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It’s The End of The World As We Know It… And I Don’t Feel Fine

12 Oct, 2021
The writer's son attended a climate march in Tucson, Arizona during the Global Week For Future 2019. Photo by  Bradley Sander
The writer's son attended a climate march in Tucson, Arizona during the Global Week For Future 2019. Photo by Bradley Sander


My father always had time for me; he never got frustrated or angry. I remember his everyday mood, ready for hugs and an update on my day. The consistency of his love walks alongside every season of my life. He could never resist getting me chili chips and chocolate on his way home from work. In my thirties I had to beg him to stop.

My father was committed to his businesses and proud of his work. I remember being four and going to a factory with spinning looms of glittery thread. The place was dank and dark; low ceilings and a row of stools for workers. He would explain how this material was used for decorations, clothing, and of course the ever-famous glittery shaadi ke haar (wedding garlands) from the 1980s.

As I grew so did my father’s business. Soon that spinning loom plant was replaced with machinery that would print colorful images on plastic for single use items like popsicles, chocolate, and supari. Another business was purchased where long cylinders, rust and red colored, were filled with carbon dioxide, and then transported to cola companies. The cylinders were how the fizz got in the ‘soft’ drinks. I freely consumed nearly seven a day, without guilt, for most of my childhood and young adulthood.

I loved going with my father to his factories. I watched him with delight as he walked through his daily round of the machinery. I listened to him making deals on the phone while I practiced turning in circles on his office chairs.

The eight-year-old Aisha eagerly bought her Daddy a desk decoration of two bunnies cuddling in a metal heart shape. He had never loved a gift more, I’m certain. If it wasn’t for a fire that destroyed his office, I am confident those bunnies would still be with him.

Children from business families rarely ask what is behind their lifestyles; be it the labor or the production behind it. There is lavish spending on celebrations, attending the best schools, traveling to other glamorous parts of the world and a constant churning of consumption. Underneath the top of the food chain is a belief being passed on from generation to generation: short-term to long-term harm to the earth is not our problem because ultimately making money is what matters.

Besides the cognitive dissonance from growing up rich in a city inhumanely poor like Karachi there is a slippery emotional discomfort to confront our own nefarious role in the destruction of the environment. Who am I without the urban comforts that are wired into my nervous system? Until I am willing and able to dismantle my attachments to convenience and the dopamine surge I crave from shopping I will continue to be a heavy handed player in this deadly march to the end of the world as we know it.

The advantages I have is not like a snakeskin that I can discard. Like all people with privilege my life is the way it is because it feeds off the cheap labor of millions who have no choice but to live with less.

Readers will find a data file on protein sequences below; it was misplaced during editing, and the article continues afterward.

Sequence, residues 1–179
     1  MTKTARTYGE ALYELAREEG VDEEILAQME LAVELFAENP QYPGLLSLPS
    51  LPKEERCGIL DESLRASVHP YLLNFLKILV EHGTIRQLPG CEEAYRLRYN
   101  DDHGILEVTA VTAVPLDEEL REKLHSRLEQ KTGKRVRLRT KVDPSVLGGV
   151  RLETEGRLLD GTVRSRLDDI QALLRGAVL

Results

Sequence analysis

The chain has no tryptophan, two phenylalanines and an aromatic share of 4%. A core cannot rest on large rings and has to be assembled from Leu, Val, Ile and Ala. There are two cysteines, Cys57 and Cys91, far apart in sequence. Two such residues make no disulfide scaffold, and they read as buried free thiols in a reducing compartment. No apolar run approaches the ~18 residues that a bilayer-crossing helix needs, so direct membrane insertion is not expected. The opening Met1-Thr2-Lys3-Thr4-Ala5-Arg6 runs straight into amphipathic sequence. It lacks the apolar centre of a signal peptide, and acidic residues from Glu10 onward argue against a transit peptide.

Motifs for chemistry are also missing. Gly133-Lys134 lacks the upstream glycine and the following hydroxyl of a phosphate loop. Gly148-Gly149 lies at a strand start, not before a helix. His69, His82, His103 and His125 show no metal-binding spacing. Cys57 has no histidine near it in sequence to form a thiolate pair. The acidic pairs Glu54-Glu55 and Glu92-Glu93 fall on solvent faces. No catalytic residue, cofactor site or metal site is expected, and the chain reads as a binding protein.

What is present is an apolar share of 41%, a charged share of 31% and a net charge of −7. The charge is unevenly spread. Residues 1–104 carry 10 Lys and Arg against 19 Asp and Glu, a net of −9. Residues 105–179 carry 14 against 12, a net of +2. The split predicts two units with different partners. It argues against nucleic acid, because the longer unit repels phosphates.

It feels like I’m choking on a cactus when I try to reconcile the benevolence of my father’s love and the ruthlessness of his capitalist endeavors to give us a ‘good’ life. I remember petitioning for workers rights throughout my twenties, while sitting in our air-conditioned drawing room, going to parties and buying new clothes every week.

My father repeatedly disciplined or fired any workers who tried to organize for better conditions or pay, at home or at the factory. Our ‘good’ life of being able to buy whatever we want and my education came from creating products that take hundreds of years to decompose, leaving traces of micro plastic in our oceans, rivers and air.

My arguments have done little to challenge the status quo that my father firmly believes as ethically sound. His belief in the capitalist system, the trickle down economy and the meritocracy myth is unfettered.

Now almost 80, weak and blind, my father is unable to comprehend how the world his grandchildren will inherit is no longer viable.

My parents continue to buy an inordinate amount of single use plastic and smoke cigarettes whose buds can take up to 10 years to decompose. There is never a speck of trash in their bedroom. Instead it piles up outside the gate, clogging the open drainage, burnt every so often to seep roasted air through our windows.

What’s happening outside the house doesn’t matter until it rains and all the filth comes flooding inside.


(This section refers to anecdotal data I collected from a survey distributed to my online network completed by 61 people. )

Hearing about climate crisis feels like getting a message on your phone about someone getting a cancer diagnosis. It feels personal yet distant. We may get despondent and then move on to the next thing on our to-do list.

We perpetrate violence on the earth as nonchalantly as eating popcorn while watching a movie.

We concede the earth is getting warmer. We agree that the future for our children looks bleak because of climate change.

In a typical day, how many hours do we spend outside? How many artificial environments do we sustain through air conditioning or heating? How many hours do we spend commuting in your car? How often do we fly for business or pleasure?